The G (global search) option causes, after the last species is added to the tree, each possible group to be removed and re-added. This improves the result, since the position of every species is reconsidered. It approximately triples the run-time of the program.

The three options specific to this program are the A, L, and E options. The L (Length) option allows the user to specify the length in bases of the restriction sites. Allowed values are 1 to 8 (the constant "maxcutter" controls the maximum allowed value). At the moment the program assumes that all sites have the same length (for example, that all enzymes are 6-base- cutters). The default value for this parameter is 6, which will be used if the L option is not invoked. A desirable future development for the package would be allowing the L parameter to be different for every site. It would also be desirable to allow for ambiguities in the recognition site, since some enzymes recognize 2 or 4 sequences. Both of these would require fairly complicated programming or else slower execution times.

The A (All) option specifies that all sites are detected, even those for which all of the species have the recognition sequence absent (character state "-"). The default condition is that it is assumed that such sites will not occur in the data. The likelihood computed when the A option is not used is the probability of the pattern of sites given that tree and conditional on the pattern not being all absences. This will be realistic for most data, except for cases in which the data are extracted from sites data for a larger number of species, in which case some of the site positions could have all absences in the subset of species. In such cases an effective way of analyzing the data would be to omit those sites and not use the A option, as such positions, even if not absolutely excluded, are nevertheless less likely than random to have been incorporated in the data set.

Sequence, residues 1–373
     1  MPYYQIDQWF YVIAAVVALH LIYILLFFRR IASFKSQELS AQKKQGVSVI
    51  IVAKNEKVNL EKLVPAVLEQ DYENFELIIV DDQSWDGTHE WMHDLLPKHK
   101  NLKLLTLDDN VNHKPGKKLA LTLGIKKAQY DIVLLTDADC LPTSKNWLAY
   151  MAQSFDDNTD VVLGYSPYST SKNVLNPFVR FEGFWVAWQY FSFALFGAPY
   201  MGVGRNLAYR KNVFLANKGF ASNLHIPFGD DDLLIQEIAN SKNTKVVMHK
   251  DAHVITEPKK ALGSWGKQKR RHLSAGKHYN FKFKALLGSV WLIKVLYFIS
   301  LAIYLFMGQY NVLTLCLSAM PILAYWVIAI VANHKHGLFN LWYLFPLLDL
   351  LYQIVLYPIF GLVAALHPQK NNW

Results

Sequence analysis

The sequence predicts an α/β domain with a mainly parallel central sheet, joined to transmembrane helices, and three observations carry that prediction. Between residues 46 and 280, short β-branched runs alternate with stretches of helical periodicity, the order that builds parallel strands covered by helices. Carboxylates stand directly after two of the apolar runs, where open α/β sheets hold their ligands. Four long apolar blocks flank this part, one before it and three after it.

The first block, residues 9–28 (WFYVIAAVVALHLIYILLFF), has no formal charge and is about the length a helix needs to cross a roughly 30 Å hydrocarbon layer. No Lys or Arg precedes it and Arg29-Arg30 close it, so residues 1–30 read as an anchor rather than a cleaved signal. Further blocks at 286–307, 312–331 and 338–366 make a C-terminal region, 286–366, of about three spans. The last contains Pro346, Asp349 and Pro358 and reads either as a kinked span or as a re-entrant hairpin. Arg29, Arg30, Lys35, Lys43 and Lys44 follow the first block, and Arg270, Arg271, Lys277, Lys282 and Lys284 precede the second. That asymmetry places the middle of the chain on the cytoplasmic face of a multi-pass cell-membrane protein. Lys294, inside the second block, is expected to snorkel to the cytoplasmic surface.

The E option allows the user to reset the extrapolation factor used in iterating branch lengths. This is initially 100. You may want to drop it to 10 or raise it to 1000. You can test whether that improves the result by comparing the resulting likelihoods. In particular, if too many of the branch lengths on the tree are zero or nearly zero, this may indicate that the extrapolation factor is too large.

The W (Weights) option, which is invoked in the input file rather than in the menu, allows the user to select a subset of sites to be analyzed. It is invoked in the usual way, except that only weights 0 and 1 are allowed. If the W option is not used, all sites will be analyzed. If the Weights option is used, there must be a W in the first line of the input file.